Yesterday, I had conversations with several competitors in the Best Construction Blog competition as we prepare for the next issue of the Design and Construction Report. I’ll frame these observations into the article for which I will write the first draft tomorrow. This morning, however, lets look at some consistent points.
- The successful bloggers report that they have discovered useful business from their endeavors, but few have quantified it with specific sales/lead data.
- Blogging, they say, requires some time and effort, generally between two and 10 hours a week depending on the subject, frequency, and approach the bloggers take. Most write their own material but one uses a freelancer (who also accepted the interview call).
- The biggest measurable indicator of “success” for the blogging is increased website traffic. There are other soft indicators like client engagement, better relationships, “humanizing” the business, and so on, but these move down the line (for the people I interviewed) into areas that are felt rather than specifically measured.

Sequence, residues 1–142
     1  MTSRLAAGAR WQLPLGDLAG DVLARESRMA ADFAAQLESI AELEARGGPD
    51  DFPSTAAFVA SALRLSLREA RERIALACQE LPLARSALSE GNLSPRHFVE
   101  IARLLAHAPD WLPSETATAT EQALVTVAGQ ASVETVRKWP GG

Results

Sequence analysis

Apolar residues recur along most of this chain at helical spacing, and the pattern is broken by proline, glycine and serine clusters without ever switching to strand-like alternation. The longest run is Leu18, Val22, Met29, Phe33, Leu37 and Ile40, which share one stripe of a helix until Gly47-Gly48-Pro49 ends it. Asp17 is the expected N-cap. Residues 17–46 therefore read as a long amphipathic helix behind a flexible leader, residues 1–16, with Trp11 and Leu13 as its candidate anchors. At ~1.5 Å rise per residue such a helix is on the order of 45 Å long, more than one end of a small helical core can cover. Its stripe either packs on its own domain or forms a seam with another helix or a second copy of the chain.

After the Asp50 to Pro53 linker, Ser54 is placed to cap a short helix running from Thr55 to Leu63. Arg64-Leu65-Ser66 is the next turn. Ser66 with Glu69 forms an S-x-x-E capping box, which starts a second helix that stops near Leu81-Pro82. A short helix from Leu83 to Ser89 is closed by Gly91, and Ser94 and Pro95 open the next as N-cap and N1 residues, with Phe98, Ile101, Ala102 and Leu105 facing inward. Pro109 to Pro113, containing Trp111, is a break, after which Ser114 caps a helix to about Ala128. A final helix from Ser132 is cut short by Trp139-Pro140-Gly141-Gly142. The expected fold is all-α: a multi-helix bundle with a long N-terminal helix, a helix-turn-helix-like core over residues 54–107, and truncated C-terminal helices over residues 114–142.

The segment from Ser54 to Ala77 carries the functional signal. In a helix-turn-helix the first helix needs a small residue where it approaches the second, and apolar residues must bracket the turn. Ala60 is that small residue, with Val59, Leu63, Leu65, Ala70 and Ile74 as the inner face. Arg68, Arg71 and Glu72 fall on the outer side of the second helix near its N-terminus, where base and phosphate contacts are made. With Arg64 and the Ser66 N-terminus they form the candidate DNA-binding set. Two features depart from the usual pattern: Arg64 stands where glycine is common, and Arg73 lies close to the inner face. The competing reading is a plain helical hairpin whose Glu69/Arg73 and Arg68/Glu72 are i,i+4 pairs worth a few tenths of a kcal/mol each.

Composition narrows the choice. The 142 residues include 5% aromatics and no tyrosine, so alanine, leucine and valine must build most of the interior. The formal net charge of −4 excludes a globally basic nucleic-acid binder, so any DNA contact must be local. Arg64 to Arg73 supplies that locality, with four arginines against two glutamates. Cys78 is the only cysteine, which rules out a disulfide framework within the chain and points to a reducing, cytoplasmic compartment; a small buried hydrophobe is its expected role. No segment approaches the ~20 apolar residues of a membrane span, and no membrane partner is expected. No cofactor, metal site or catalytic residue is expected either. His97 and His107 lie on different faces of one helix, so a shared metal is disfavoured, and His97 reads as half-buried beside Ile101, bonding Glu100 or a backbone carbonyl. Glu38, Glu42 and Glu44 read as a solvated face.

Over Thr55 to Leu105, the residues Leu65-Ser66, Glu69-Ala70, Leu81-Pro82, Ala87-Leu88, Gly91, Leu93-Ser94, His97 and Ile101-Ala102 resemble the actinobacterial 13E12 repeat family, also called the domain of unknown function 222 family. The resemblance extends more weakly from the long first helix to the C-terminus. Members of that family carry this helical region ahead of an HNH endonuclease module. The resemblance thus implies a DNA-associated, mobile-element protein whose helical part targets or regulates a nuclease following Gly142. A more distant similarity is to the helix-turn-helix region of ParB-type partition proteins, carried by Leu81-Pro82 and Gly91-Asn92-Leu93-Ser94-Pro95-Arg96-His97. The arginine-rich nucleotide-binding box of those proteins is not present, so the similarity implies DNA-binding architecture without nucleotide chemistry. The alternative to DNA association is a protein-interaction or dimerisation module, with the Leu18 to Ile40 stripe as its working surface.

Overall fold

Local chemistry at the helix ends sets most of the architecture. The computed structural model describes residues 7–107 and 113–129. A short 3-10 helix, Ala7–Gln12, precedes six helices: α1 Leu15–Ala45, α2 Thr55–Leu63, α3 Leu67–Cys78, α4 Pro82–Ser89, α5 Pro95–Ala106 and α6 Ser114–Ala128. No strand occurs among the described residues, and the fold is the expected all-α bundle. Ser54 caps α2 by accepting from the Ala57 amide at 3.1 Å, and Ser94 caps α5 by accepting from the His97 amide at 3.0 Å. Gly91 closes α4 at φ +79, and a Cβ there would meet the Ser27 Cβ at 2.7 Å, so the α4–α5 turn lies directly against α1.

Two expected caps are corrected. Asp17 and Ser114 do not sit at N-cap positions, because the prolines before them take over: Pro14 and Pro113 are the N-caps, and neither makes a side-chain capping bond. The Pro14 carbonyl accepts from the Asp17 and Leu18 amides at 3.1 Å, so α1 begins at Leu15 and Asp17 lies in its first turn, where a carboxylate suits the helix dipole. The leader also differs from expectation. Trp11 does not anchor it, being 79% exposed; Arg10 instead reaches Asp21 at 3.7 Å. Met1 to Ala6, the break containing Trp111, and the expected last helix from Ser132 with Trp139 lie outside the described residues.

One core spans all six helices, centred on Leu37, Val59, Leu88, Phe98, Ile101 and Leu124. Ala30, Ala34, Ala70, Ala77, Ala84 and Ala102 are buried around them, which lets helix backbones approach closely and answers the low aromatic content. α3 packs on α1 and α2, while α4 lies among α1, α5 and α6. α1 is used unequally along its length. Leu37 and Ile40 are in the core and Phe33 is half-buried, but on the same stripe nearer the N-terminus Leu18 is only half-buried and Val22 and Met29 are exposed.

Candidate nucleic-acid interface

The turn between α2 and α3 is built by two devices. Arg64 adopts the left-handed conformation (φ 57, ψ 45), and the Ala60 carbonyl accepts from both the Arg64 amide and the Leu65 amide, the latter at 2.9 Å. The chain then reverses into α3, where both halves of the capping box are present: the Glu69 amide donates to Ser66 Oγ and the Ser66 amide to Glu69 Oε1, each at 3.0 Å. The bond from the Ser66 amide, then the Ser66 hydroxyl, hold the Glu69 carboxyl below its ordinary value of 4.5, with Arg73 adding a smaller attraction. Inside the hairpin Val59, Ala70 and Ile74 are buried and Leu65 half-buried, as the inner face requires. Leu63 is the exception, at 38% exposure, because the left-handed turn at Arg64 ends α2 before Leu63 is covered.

- One blogger (I will discuss this story later) reported significant and immediately measurable results from the Best Blog Competition. I expect the others will see significant advantages from the publicity in the Design and Construction Report.
These stories, to some extent, echo my own experience with Blogging. As I noted earlier, I doubt that people will engage our services for multi-million dollar construction projects or sophisticated home renovations purely and immediately because they read our blogs, or for that matter, any single piece of marketing material or approach. They will of course check word-of-mouth and previous client references and here I am reassured that blogging makes sense because at least a few of the successful bloggers said one of the main values of the blog is to keep in touch with their previous clients. The blog gives them a reason to send emails and connect — but not to sell.
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